ERIC Number: ED058006
Record Type: RIE
Publication Date: 1971-Oct
Reference Count: 0
Letter Naming and Learning to Read.
Venezky, Richard L.
The assumption that the learning of letter names in their proper sequence is a prerequisite for literacy can be questioned. There is disagreement over the value of early letter-name training. It is variously said to aid in letter or word discrimination, to aid in attaching sounds to letters, and to interfere with both of these tasks. An analysis of the letter names and of experimental and pedagogical evidence lends little support to the claims of letter-naming benefits. Only 16 English letter names begin with a sound which they represent, and of these, seven (the five vowel letters, plus c and g) do not begin with the sound introduced first in most reading programs. In several countries, including the United States, the Soviet Union, and Israel, letter-name knowledge has been found to interfere with learning to attach sounds to letters. But letter-name knowledge has also been shown to be one of the best single predictors of reading success, and no matter what can or cannot be shown experimentally about the utility of letter names, they are efficient labels for the letters and an inseparable element in the popular concept of reading instruction. A bibliography is included. (Author/VJ)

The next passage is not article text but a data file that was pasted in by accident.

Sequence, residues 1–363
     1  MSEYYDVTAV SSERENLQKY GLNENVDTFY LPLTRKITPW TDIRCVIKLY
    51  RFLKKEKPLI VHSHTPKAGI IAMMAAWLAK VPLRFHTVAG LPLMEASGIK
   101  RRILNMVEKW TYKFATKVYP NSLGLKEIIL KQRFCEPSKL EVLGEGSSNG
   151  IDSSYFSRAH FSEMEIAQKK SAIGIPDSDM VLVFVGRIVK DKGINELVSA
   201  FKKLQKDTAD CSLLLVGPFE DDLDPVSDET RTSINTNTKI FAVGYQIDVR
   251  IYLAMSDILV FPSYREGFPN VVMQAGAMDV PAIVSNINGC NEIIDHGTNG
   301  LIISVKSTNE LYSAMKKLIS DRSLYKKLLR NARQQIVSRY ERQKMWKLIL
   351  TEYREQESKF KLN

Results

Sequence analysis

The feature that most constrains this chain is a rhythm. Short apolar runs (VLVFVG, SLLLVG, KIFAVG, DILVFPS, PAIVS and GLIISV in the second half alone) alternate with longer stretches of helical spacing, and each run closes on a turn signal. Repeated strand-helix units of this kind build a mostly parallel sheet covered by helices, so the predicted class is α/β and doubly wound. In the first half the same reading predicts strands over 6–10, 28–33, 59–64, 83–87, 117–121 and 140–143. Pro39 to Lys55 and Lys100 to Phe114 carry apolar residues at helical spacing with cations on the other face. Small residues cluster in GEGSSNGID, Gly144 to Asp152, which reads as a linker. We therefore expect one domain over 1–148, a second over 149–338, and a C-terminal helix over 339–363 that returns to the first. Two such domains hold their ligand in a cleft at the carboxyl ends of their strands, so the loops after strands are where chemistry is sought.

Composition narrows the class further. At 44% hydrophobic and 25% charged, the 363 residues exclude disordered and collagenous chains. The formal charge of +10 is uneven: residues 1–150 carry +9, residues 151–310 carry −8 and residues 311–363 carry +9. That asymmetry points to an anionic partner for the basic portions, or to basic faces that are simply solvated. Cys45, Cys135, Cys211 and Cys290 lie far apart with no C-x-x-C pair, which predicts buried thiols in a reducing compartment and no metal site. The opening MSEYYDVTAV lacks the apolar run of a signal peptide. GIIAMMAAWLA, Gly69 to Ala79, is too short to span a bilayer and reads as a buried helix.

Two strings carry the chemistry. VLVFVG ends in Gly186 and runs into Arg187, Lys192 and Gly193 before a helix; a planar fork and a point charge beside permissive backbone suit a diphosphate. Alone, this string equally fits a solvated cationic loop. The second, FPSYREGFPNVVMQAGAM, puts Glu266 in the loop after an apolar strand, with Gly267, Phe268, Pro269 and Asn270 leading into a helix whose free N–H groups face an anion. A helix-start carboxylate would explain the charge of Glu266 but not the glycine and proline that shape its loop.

Publication Type: N/A
Education Level: N/A
Sponsor: Tel-Aviv Univ. (Israel).; Office of Education (DHEW), Washington, DC.
Authoring Institution: Wisconsin Univ., Madison. Research and Development Center for Cognitive Learning.